Whether or not a conscious summation, the material comprising Sun Ship is a kind of compromise, some of it reminiscent of A Love Supreme’s more meditative or conventionally swinging moments and some pointing the way forward toward the more challenging structures of Meditations and Expression. The first composition to be recorded, “Dearly Beloved,” pits a blues-inflected minor-mode melody against a peaceful backdrop of cymbal washes, malletted toms and harpish piano arpeggios. By way of complete contrast, the title track roils with activity, emerging full force from one of those jagged motivic fragments that inform much of the music from Coltrane’s last two years. Midway between these two extremes lies “Attaining,” another oceanic meditation that begins in minor mode, and then is flavored with the chromatic key changes that would define pieces like “Expression” or “Offering.” “Ascent” and “Amen” swing with the intensity of A Love Supreme’s inner two movements, but “Amen” sports a repeated melodic fragment that is then subjected to wild rhythmic permutations.
Apart from the 1959 “Giant Steps” material in the Heavyweight Champion box set, this is the most complete Coltrane studio session to be released. There are breakdowns, alternate takes and fascinating studio chatter. We learn, for example, that Garrison’s first impulse was to use the bow under “Dearly Beloved”’s melody, but Coltrane dissuades him from it. We are also privy to the quartet figuring out how to transition from Garrison’s bass solo in “Ascent” with the proper feel. Perhaps most interesting is the fact that, despite this material not being released until 1971, the track names are mainly supplied by John, not by Alice Coltrane as with other posthumous releases.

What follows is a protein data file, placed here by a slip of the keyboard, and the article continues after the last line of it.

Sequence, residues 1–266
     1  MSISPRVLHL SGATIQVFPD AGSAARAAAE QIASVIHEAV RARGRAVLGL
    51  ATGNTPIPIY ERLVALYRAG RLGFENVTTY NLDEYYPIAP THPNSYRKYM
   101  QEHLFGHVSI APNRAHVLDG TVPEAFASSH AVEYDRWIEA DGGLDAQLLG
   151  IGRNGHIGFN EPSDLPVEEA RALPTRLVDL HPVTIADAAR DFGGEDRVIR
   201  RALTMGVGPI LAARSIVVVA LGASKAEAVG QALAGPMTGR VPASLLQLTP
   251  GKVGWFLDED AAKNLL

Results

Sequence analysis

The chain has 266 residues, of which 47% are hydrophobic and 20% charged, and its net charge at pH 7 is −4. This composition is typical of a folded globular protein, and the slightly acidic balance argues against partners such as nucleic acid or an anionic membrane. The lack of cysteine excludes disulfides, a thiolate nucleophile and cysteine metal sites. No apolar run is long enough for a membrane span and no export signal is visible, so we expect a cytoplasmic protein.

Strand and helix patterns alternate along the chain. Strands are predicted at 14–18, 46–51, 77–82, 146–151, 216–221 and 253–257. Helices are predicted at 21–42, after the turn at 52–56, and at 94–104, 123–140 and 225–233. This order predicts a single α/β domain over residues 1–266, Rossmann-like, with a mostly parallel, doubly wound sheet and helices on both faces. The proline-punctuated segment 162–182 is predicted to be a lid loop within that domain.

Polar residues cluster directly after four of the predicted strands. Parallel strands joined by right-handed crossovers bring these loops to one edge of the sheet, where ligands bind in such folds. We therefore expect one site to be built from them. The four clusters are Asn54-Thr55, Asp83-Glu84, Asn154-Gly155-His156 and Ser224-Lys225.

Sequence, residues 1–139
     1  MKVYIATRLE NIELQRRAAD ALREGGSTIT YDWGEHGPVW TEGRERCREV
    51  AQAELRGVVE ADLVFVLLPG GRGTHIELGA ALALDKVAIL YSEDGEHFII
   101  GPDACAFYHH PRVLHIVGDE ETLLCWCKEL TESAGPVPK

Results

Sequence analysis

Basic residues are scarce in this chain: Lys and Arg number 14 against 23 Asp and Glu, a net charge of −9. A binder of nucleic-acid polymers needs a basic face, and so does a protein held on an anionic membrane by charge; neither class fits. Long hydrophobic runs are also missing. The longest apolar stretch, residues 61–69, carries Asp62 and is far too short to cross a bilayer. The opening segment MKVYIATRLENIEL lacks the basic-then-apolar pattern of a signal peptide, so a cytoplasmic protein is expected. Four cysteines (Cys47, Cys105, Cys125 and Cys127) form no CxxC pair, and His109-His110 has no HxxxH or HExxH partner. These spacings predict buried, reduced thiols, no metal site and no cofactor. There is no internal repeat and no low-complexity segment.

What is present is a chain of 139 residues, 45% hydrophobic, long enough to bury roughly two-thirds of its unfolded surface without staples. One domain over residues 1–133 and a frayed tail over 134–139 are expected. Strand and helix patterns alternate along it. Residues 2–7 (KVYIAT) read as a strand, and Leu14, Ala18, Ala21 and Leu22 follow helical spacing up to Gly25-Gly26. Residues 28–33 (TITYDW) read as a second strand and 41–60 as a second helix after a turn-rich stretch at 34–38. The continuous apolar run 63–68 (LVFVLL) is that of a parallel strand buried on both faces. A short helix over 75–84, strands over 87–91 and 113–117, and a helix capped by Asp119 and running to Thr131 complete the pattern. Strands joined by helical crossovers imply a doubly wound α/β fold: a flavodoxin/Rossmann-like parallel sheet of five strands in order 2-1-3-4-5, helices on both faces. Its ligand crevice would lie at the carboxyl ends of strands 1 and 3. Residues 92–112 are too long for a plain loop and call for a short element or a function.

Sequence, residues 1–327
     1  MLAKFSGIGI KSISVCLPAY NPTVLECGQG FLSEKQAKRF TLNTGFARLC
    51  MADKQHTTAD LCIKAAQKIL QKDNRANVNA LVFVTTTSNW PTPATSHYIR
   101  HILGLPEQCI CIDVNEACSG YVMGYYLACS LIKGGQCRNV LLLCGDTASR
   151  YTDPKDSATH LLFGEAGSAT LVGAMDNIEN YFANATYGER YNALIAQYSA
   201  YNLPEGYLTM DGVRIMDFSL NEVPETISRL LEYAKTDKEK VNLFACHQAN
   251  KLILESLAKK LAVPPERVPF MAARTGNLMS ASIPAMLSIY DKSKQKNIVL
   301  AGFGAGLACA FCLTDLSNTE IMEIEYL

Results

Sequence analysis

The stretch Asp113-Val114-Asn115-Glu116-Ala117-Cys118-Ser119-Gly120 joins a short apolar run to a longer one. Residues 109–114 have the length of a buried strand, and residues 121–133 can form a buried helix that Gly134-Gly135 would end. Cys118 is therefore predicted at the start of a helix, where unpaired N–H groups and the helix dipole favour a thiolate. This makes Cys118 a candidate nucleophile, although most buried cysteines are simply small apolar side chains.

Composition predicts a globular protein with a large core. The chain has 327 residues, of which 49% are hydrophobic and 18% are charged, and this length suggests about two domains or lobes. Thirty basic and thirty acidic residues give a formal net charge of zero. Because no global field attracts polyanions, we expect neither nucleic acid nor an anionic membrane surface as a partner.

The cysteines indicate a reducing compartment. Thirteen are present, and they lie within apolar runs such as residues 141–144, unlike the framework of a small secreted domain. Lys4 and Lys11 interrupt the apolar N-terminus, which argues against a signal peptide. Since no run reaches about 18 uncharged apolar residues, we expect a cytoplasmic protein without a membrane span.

Whatever problems dogged the quartet are out of earshot for this session. The atmosphere is relaxed, most evident in one exchange before “Ascent,” where we find out that Garrison is responsible for the tune. He hasn’t got a name for it, and Jones wryly suggests “F You.” Coltrane and producer Bob Thiele have some fun, with the latter adding “-sion” to Coltrane’s proposed title and getting a chuckled “No, not that one.” The playing is breathtaking; the quartet is firing on all cylinders, turning in performances of boundless energy and commitment. The official Sun Ship recordings from 1971 were spliced together from these various takes, but each track on The Complete Session could have stood on its own, so powerful is the group dynamic. It’s amazing that this session was not released immediately, but, as David Wild’s liner notes state, given the amount of excellent material taped in that watershed year of 1965, some of it had to wait, high quality not withstanding.
Though there would be only one more quartet session to follow — a version of the Meditations suite — there was no sign that by early 1966, the members would go their separate ways. Sun Ship is a monument to the classic quartet’s vitality and telepathy, one that this set allows us to see in panoramic view.